The Rollins Band
Henry Rollins may hail from the inner realms of the D.C. punk scene, but after almost 20 years in the business, he seems to have fully absolved himself of his roots. He has replaced his once-deviant spirit for an ironic opposite. This punk turned himself into a musclehead.
Perhaps this feels like an elitist assessment, but this was the painful realization that came over a crowd last Thursday night at the 9:30 Club as Rollins Band performed.
Rollins’ new back-up band, Mother Superior, opened the show, playing a set of its own originals without help from Rollins. The band’s sound followed a standard painfully composed of ’80s metal.
Dated tunes aside, the band was particularly lacking in the stage-presence and attitude necessary for such an act. The crowd was left with only the simple game of guessing whether or not the drummer was naked (they didn’t wear shorts that small even in the ’80s) as a source of amusement. By the conclusion of the set, it became clear that Mother Superior is less a current metal band and more a bunch of tryout rejects for Quiet Riot.
The emergence of Henry Rollins joining the band brought a sigh of relief to the crowd. Shirtless and muscle-bound, Rollins played from each Rollins Band albums. His vocals were harsh and intense, and his mannerisms bore the semblance of focused intensity. Despite his writhing, sweaty delivery, Rollins still seemed to be phoning his performance in.
Jumps and bends seemed calculated and uninvigorated. Tireless rants between songs were met with taunts from the audience. The intensity present even a few years ago in Rollins’ performance was largely missing from Thursday’s showing. It would be easy to say that Rollins’ performance wasn’t bad, just different. But the cold, hard fact remains that although he may be an experienced performer, this punk has lost his edge.
Popular indie-rock group Modest Mouse sold out D.C.’s Black Cat Friday and Saturday night, bringing in throngs of fans from all around the District, Maryland and Virginia. The kids came out to see the band’s innovative sound brought to life on stage, and nobody was disappointed. The band brought some friends – The Fruitbats and The Shins – both nights to share in the fun.
The Fruitbats opened both nights, playing a fairly uninventive blend of moderate and indie rock. The band was docile onstage, not moving or showing emotion. But the letdown was quickly forgotten as The Shins took the stage. The lead group for the infamous Sub Pop label, The Shins has an interesting sound that melds high-voiced vocals with indie-rock rhythms, complimented by an ever-present Moog keyboard. The Shins garners loud hoots and hollers each night from the audience.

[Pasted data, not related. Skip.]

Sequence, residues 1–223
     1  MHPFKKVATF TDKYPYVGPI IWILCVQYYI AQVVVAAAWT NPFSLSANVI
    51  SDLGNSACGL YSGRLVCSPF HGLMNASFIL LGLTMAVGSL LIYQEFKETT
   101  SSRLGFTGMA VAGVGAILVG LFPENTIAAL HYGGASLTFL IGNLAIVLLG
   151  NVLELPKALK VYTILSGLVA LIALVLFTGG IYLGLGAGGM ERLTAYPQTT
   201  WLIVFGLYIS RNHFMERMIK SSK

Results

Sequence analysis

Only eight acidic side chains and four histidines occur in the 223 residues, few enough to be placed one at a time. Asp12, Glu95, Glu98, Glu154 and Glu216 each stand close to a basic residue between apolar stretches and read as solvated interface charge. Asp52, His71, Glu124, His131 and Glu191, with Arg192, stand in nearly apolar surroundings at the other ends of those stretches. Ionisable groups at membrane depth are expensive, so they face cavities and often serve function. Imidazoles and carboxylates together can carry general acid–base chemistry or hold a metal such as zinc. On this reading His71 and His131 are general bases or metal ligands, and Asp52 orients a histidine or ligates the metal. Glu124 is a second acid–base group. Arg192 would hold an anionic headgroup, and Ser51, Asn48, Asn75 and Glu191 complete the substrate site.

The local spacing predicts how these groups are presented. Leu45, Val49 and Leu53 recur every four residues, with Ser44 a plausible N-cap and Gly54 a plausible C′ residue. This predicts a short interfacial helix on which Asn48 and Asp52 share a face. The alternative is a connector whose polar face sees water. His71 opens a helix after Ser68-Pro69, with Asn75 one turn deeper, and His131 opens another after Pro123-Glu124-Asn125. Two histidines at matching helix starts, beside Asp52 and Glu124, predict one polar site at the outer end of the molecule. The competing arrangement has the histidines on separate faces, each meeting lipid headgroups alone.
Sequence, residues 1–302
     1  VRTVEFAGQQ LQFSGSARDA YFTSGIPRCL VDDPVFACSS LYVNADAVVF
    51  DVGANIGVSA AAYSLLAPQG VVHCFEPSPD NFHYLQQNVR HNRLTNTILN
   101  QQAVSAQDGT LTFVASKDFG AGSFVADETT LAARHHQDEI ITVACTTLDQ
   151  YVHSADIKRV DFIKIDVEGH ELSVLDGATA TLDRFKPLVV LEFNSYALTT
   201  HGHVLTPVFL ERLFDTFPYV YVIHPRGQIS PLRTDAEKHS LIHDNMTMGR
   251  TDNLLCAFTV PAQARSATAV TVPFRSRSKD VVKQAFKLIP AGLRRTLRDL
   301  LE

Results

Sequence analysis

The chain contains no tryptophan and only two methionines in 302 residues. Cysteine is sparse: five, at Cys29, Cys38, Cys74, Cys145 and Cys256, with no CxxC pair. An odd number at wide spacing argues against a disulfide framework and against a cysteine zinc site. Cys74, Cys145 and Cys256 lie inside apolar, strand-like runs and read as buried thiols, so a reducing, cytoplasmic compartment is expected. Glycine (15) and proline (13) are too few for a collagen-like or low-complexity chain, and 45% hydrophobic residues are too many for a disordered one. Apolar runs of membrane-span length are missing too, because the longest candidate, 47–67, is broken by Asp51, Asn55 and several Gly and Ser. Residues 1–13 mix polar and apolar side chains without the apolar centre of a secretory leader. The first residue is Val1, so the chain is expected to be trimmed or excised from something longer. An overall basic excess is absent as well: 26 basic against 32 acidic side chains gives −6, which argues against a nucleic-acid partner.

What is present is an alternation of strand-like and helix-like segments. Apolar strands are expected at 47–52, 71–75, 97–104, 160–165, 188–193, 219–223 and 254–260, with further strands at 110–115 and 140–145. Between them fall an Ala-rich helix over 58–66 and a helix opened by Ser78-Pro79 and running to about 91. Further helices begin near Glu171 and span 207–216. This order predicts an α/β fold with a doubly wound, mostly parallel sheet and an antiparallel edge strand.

Modest Mouse’s lead singer, Isaac Brock, is a madman straight out of the trailer parks of Washington state. Friday night, he brought his band out with a kind of anger and intensity that bit right into the core of the audience members. His sharp and guttural vocals caused the floor to erupt with bopping heads and smiling faces mouthing the lyrics. The band played a great deal of old material but drew the greatest response with tunes from its last two releases, The Moon and Antarctica and Everywhere and His Nasty Parlor Tricks.
Saturday night, the band played largely the same set. The backing screen played the same images from the night before. The crowd composed of returning fans and newcomers enjoyed the set all the same. Modest Mouse puts on a show that is worth seeing twice. Despite technical difficulties, the band managed to pull off a second crowd-pleasing performance.
Major label backing and moderate success have not softened Modest Mouse. The band played the Black Cat with unparalleled power and a truly remarkable presence.
Long Beach Dub All-Stars
Everyone misses Sublime. The untimely demise of Bradley Nowell left a wound in the world of music. Former bandmates Eric Wilson and Bud Gaugh have sought, for the past several years, to fill the gap, returning to the scene with the Long Beach Dub All-stars. The band’s Sunday night performance at the 9:30 Club showcased a group with an evolving sound, related but distinct from that of Sublime.
The band’s live show is composed of smooth, soothing tunes and wild punk anthems. Playing an eclectic mix from its first two CDs, the band presented a diverse and interesting set. A nearly-packed 9:30 Club bopped and sang along to each song and was left in an uproar every time the band broke into one of its several sing-a-long Sublime covers. Mixing old-school reggae and dub with speedy ska riddled with a layer of hearty reverb, the Long Beach Dub All-stars gave the 9:30 Club a shot of soul. Sporting an American flag onstage, the band roused the crowd with patriotic sentiments throughout the show.
The Long Beach Dub All-stars put on a light and exciting show. By resurrecting the Long Beach, Calif., sound the band managed to bring back happy memories to its fans.